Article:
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Interactive Theatre: A New Way for Rural Children to Learn Better

Children in rural areas suffer from a lack of additional education that are otherwise available to urban children. This in turn has led to some of the lowest SPM and UPSR performances in Malaysia. To combat this problem, interactive theatre has been suggested as an alternative method for teaching rural children via introducing ‘play’ into learning. Preliminary findings have demonstrated success in turning these “passive” children into active participants. The project aims to expand on this achievement by introducing interactive theatre into more schools across the country.

Children inhabiting rural areas experience a serious lack of exposure in additional teaching and learning activities to enhance their self-potential, a sharp contrast with their urban counterparts who have access to a much wider variety of such activities. Indeed, according to the Malaysian Education Development Master Plan, most of the districts that recorded the lowest performance in SPM and UPSR in Malaysia are located in the rural areas of Sabah and Sarawak. Dr. Marlenny Deenerwan and the University of Malaya have been conducting research on this issue from 2017 to 2020. Taking place in SK Pekan located in the rural district of Ranau in Sabah, this study focused on using interactive theatre as a tool to develop the teaching and learning strategies for young children in rural areas, with a total of sixty Level 1 “passive and low achieving” students being involved. “Our aim is to establish interactive theatre as an alternative teaching and learning pedagogy for children in rural areas” says Dr. Marlenny.

Utilising the method of practice led-research, the researchers conducted a series of workshops culminating in a live interactive theatre production. This project utilised the actual syllabus from the teacher’s daily teaching plan, but instead of using conventional

pedagogy, the researchers transformed the teaching and learning sessions into a series of interactive drama activities such as storytelling, puppet theatre, readers theatre and forum theatre. A few professional actors were hired to serve as facilitators for these activities as well as acting together with the students.

Based on the preliminary findings of this study, it was found that “passive” students became more active when they participated interactive theatre activities. Through interactive theatre, these students are put into the same play space as the actors, thus breaking down the wall that separates these children from the world of drama. By getting these children involved in such activities, they are able to experience, interact and reflect, sharing the same stage space, becoming characters in the show, and using their abilities and ingenuity to change the direction of the drama. By immersing themselves into the performance, the students have subconsciously explored their hidden abilities by improvising situations and eloquently speak their views, creatively and critically - against the notion that they are passive and low-achieving.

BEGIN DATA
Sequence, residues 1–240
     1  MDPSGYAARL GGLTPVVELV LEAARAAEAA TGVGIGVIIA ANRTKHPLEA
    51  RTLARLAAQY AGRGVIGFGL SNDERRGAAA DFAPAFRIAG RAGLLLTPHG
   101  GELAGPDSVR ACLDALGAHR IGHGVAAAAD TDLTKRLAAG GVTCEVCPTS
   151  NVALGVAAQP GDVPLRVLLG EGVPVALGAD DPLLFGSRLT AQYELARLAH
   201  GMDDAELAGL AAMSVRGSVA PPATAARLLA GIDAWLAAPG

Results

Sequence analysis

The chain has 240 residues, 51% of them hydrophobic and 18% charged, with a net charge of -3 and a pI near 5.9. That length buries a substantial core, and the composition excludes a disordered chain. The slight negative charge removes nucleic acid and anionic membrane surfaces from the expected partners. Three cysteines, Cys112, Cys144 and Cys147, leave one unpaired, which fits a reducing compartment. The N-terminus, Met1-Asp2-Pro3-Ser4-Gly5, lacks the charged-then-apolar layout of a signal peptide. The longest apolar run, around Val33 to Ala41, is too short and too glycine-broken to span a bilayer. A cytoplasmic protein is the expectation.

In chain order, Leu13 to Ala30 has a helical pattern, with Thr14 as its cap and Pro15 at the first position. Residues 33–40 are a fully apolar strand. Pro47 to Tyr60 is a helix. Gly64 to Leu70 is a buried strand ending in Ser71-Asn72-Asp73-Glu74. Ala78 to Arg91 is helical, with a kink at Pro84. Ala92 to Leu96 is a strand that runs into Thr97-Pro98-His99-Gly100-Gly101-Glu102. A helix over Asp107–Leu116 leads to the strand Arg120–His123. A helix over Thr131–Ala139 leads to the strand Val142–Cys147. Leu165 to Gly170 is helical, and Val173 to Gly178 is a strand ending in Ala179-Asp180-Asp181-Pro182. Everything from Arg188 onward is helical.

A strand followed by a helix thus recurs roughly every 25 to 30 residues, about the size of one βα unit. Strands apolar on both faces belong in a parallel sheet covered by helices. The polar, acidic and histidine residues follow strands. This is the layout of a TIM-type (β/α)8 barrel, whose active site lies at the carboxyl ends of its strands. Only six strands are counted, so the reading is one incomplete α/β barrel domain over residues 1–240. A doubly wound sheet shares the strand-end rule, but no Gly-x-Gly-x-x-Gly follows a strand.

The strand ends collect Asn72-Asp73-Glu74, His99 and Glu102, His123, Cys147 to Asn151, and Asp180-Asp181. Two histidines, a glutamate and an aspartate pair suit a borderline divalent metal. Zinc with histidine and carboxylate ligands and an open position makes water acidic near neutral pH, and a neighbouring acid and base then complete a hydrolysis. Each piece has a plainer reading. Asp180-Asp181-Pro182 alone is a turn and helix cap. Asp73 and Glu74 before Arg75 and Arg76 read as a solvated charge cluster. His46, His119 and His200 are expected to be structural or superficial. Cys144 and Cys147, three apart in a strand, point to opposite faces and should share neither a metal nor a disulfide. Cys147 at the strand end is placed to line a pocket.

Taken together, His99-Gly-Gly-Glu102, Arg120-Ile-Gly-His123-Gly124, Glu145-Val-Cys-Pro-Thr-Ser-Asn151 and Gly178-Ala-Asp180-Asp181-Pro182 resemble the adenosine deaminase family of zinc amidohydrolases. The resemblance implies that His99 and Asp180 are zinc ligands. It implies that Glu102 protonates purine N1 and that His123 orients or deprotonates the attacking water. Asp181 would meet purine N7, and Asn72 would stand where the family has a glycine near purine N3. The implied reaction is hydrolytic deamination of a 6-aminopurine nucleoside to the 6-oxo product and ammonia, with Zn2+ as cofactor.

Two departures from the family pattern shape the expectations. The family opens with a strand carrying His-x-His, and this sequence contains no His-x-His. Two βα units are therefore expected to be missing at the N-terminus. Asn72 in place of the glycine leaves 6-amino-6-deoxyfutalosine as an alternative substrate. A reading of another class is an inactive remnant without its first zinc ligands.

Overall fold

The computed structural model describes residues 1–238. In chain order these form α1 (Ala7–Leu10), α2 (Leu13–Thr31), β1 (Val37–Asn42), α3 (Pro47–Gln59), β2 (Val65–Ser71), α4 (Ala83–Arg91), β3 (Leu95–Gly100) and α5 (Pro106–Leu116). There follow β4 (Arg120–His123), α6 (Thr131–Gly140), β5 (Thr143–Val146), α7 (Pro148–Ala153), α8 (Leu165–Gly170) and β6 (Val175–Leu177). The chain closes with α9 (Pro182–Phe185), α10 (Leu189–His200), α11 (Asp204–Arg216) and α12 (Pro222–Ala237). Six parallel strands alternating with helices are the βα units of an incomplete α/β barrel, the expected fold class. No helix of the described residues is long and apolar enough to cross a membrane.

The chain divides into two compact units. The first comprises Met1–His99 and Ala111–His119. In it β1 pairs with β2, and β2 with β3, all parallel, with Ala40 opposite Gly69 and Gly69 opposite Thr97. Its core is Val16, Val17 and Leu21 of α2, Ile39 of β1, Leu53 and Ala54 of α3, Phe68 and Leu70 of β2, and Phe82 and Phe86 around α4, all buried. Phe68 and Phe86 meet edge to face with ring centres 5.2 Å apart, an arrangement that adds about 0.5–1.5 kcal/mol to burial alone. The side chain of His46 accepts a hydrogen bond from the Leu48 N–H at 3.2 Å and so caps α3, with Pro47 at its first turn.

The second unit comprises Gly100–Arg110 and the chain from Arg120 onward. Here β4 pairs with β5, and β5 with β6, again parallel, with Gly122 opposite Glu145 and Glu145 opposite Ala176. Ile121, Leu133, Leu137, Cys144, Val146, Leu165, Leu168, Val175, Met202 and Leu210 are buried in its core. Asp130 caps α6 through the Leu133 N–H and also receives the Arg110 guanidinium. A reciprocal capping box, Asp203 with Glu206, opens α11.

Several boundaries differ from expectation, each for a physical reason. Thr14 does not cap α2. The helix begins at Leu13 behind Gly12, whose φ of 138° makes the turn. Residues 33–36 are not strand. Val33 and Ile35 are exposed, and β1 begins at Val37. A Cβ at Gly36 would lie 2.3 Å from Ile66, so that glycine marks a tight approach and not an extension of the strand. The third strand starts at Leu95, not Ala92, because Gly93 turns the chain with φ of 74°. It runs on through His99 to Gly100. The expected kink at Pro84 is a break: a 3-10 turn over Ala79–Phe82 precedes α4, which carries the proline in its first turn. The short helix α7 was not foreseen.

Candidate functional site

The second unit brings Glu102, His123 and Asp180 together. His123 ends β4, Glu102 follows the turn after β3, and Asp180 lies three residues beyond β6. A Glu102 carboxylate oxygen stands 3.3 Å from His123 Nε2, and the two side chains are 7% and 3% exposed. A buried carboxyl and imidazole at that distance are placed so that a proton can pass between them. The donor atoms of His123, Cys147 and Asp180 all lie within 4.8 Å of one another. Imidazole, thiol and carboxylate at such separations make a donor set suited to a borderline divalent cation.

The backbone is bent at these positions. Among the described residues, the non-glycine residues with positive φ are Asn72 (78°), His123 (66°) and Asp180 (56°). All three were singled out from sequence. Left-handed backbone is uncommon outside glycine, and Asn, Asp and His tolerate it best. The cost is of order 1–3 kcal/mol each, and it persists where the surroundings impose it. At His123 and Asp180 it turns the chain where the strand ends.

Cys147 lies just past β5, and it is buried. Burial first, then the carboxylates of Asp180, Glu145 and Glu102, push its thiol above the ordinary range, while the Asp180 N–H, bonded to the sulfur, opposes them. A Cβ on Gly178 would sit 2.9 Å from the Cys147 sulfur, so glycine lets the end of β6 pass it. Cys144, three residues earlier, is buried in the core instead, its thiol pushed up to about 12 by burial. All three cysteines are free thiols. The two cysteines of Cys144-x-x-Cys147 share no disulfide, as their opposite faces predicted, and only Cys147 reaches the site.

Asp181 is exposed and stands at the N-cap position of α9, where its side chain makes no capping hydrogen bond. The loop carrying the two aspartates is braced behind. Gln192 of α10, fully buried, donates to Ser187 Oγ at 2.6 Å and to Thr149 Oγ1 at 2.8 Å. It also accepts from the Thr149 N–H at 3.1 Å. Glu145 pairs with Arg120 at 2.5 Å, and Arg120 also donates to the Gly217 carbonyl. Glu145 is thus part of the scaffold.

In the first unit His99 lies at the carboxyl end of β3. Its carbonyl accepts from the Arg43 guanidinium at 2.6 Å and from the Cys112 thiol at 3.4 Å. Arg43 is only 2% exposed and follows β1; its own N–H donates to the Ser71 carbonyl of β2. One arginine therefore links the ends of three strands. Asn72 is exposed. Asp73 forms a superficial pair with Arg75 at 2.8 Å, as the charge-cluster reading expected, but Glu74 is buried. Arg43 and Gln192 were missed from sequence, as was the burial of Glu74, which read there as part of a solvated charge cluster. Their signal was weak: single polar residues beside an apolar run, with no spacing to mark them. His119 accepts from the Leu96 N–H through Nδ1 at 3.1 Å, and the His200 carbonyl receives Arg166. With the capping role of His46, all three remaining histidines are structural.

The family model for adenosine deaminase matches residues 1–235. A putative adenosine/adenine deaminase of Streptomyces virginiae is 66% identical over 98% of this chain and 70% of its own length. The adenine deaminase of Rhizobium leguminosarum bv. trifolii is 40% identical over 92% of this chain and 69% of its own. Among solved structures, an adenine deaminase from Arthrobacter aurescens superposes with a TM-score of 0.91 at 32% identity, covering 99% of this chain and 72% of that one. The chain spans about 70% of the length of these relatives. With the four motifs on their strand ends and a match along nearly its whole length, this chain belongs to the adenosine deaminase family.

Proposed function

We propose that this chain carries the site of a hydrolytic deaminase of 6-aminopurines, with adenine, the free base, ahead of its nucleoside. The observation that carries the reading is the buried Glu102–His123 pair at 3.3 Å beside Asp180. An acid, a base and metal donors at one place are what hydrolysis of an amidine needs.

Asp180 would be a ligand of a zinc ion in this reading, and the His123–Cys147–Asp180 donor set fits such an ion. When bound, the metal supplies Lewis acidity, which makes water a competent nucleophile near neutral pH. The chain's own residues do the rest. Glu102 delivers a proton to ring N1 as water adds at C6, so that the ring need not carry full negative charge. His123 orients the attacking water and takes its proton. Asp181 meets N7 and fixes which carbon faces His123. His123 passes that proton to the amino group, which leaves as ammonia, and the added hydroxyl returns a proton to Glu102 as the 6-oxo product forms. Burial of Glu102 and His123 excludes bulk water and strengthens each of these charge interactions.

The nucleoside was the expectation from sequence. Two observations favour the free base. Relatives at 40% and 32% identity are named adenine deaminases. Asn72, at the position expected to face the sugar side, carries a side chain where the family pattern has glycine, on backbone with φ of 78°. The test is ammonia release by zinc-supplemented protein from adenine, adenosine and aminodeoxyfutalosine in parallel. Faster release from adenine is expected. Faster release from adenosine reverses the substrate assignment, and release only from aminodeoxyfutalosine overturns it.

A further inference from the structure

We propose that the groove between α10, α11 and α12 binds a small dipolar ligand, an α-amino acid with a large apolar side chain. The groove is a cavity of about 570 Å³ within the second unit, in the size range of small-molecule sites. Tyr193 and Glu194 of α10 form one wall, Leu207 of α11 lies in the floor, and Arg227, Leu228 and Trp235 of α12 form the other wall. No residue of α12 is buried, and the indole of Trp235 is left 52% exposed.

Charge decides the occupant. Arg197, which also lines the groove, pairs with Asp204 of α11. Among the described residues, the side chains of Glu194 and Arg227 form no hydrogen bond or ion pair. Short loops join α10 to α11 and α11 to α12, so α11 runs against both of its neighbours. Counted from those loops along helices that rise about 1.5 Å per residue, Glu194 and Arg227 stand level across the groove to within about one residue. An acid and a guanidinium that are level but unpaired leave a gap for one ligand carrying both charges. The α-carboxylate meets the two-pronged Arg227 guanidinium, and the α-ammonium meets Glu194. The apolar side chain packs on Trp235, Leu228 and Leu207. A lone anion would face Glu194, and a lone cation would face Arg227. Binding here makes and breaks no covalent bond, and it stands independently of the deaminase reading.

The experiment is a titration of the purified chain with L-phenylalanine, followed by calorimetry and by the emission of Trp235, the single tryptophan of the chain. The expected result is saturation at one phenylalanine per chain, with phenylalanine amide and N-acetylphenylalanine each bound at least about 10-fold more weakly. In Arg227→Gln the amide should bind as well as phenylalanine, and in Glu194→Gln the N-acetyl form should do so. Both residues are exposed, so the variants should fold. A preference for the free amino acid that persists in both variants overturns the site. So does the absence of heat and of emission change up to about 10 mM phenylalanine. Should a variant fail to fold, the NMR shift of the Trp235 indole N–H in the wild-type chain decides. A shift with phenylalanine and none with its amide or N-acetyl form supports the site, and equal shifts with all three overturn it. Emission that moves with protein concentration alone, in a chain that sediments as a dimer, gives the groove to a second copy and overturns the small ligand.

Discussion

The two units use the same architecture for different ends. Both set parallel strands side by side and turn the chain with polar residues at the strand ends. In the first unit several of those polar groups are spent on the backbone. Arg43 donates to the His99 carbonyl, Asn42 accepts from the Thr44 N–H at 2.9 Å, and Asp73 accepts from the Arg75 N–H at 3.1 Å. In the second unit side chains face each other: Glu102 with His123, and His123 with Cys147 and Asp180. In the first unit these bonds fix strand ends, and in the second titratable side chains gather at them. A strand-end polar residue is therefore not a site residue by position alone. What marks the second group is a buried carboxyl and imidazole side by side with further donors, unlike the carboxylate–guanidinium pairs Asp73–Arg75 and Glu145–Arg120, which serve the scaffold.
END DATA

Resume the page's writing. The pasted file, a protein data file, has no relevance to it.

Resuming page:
Following a preliminary phase spanning two years, the project developed a model of interactive drama for alternative teaching and learning method. However, as it is a long-term plan, it needs to be implemented in few other schools in order to get more results, strengthening the teaching and learning model before it can be presented to the Ministry of Education and other higher authorities.

Interviews and questionnaires have shown that the teachers initially lacked proper exposure to the performing arts, but after several sessions they now believe that there is possibility for the development of these methods as alternative teaching and learning strategies for young children.

But what, exactly, are these kids doing during these interactive theatre sessions that improved their ability to learn and think creatively? The answer is simple: playing. By teaching children that they can learn while having fun, they will be better able to express themselves in a spontaneous manner and thus be more receptive towards the learning process. By labelling a child as passive with poor academic performance, we discourage them from exploring themselves and thus the education system will be left all the poorer without discovering these children’s true potential. This study’s findings have proven the effectiveness of the interactive theatre model, providing young children, especially those in rural areas, an opportunity to have fun while still achieving their academic potential.

Dr. Marlenny Deenerwan
Drama Department, Faculty of Creative Arts

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